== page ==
2 min read

Reverse Mortgages: Who Owns the House?

Featured Image

My decision to look into a reverse mortgage has really taken a lot of turns.  It’s a big financial decision, and I wanted to be sure that I evaluated my options thoroughly.  One question of mine that came up early in my research was “who owns the house: the bank or me?”.

The answer is that I would own my home.  Let’s review why that’s the case…

First, a reverse mortgage is loan.  If you’d like to read some of the basics I’ve learned about the reverse mortgage, check out this blog post [link to post #1 What is a Reverse Mortgage].  But I always like to ground myself with that fact to begin.  Since a reverse mortgage is a loan, it does not mean that the home owner transfers ownership in any way to the bank.  The equity in your home is yours (or passed to your heirs) with a reverse mortgage.

It might be helpful to think in terms of the traditional “forward” mortgage.  Perhaps you have one of these now, or you had one previously.  Many are more familiar with this type of mortgage, so let’s use that as a basis for comparison.  

A “forward” mortgage is also a loan, and the bank does not own your home with this type of loan either.  The key difference between the forward and reverse mortgage is that with a forward mortgage, your debt decreases over time and you gain more equity.  With a reverse mortgage, your debt increases over time and you lose equity.

While we are on the subject of equity, it was reassuring to me that the equity in my home with a reverse mortgage would belong to me or my children (heirs in this case).  Similarly, if the home is worth less than the amount of my loan, the bank cannot go after my children to repay the difference.  I learned this is the case because a reverse mortgage is a non-recourse loan.  You can read more about this term, and how it applies to reverse mortgages here.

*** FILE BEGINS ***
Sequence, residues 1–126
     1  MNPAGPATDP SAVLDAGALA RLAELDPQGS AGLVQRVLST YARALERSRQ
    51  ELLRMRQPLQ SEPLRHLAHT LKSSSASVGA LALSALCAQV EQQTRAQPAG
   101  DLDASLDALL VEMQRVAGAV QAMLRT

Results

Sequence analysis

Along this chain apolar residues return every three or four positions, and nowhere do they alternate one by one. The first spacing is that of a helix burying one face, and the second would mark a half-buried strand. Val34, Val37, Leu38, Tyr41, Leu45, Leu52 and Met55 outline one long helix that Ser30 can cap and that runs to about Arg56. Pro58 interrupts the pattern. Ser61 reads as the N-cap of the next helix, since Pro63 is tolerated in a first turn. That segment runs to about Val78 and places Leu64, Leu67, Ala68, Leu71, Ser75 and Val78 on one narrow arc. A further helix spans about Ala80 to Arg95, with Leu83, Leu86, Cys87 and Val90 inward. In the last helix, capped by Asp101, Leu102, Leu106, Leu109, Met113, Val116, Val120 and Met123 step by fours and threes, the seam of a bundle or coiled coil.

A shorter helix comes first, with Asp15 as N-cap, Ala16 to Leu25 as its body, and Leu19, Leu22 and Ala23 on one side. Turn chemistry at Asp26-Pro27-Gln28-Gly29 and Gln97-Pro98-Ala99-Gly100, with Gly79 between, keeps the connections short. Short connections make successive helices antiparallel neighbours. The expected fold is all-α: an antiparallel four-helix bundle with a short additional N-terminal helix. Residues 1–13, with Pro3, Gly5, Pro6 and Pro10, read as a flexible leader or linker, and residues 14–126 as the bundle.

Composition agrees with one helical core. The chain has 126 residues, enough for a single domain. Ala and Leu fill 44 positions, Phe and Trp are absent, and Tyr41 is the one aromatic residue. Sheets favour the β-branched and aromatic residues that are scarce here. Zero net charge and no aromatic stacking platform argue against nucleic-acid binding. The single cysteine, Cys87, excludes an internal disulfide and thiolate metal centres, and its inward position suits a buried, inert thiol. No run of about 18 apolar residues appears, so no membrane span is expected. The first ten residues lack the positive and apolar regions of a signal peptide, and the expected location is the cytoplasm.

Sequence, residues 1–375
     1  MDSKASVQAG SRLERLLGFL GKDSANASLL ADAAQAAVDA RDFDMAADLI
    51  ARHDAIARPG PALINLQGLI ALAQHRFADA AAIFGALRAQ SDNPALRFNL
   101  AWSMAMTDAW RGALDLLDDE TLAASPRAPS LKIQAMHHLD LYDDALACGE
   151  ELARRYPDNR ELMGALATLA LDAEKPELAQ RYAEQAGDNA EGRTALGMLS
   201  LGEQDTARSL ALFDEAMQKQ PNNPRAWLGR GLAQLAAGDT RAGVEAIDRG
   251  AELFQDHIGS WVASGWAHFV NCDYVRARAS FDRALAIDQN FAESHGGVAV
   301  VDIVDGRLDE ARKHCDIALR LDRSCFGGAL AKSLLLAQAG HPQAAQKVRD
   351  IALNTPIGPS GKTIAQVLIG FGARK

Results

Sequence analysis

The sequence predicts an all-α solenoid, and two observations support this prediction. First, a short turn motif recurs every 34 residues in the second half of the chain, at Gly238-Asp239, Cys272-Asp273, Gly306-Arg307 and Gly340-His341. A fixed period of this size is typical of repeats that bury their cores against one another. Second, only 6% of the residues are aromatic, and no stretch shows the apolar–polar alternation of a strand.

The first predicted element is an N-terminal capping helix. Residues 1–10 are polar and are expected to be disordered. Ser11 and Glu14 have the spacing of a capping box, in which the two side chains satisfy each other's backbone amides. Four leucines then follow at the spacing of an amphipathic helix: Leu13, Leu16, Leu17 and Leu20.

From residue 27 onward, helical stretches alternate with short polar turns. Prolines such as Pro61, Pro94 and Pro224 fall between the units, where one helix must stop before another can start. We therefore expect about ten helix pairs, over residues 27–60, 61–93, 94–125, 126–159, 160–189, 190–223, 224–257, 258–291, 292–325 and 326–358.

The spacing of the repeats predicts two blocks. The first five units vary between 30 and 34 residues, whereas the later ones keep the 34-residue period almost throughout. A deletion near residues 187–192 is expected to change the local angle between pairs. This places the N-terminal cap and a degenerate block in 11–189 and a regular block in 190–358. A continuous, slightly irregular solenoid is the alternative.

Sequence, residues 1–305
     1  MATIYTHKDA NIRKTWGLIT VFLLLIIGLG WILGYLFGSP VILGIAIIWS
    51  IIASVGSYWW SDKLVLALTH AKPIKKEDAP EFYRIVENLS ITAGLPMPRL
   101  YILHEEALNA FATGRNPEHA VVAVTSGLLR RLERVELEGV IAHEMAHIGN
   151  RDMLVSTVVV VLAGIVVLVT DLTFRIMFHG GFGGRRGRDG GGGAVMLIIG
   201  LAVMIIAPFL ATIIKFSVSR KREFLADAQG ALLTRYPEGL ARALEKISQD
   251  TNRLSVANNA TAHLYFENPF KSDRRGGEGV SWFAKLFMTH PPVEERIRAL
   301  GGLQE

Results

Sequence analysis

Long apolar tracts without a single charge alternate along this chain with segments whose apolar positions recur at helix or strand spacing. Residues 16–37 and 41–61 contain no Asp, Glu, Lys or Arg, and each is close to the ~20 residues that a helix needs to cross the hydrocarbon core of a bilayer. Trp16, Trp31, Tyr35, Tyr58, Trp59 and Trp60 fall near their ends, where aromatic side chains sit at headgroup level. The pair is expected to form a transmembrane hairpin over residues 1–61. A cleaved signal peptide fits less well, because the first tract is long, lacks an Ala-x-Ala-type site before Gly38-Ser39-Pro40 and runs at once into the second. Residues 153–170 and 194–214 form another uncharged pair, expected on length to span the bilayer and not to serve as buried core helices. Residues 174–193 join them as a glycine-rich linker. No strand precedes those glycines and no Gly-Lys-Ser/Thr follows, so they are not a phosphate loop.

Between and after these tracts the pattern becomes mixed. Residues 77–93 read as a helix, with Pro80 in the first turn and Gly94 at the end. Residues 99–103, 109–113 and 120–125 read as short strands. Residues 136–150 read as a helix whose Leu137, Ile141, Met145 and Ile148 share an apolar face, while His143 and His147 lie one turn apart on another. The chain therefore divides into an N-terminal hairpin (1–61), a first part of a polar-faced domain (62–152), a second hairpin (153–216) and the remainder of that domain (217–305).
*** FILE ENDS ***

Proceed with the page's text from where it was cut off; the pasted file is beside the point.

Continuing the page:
When the reverse mortgage become due and payable at the time of my passing, my children have a few options:

  • Sell the home.  This option is usually the most attractive if the home can be sold for more than the loan amount.  In this case, my children could sell my home, repay the bank, and keep whatever is left over
  • Keep the home.  If my children want to keep the house in the family, they can repay the loan either with cash they have available or by refinancing with a new loan
  • Walk away and take no action.  This option may be attractive if the value of the home is less than the loan amount.  Again, since a reverse mortgage is a non-recourse loan, my children are not responsible for the difference.  The bank is covered by FHA insurance for HECM loans 

I wanted to understand all the aspects of a reverse mortgage to determine if it’s the right decision for me.  I hope that by sharing what I’ve learned, this can help you too, even if we don’t make the same decision.  On the topic of home ownership, whether you have a traditional forward mortgage or reverse mortgage, you own the home.  

10 min read

Complete Guide to Get a Reverse Mortgage in Texas | 2024

When it comes to a reverse mortgage loan, Texas is the third highest state in the world for such loans – around 60,000...

5 min read

Explained: What Are The Types of Reverse Mortgages?

Retirement should be a time of comfort, not concern. Yet, many find themselves asking, "How will I manage my finances?"...

10 min read

Reverse Mortgages in California: Empowering Seniors with Financial Freedom

California seniors have an average personal income of $21,300. Plus, almost two out of three seniors aged 65 and older...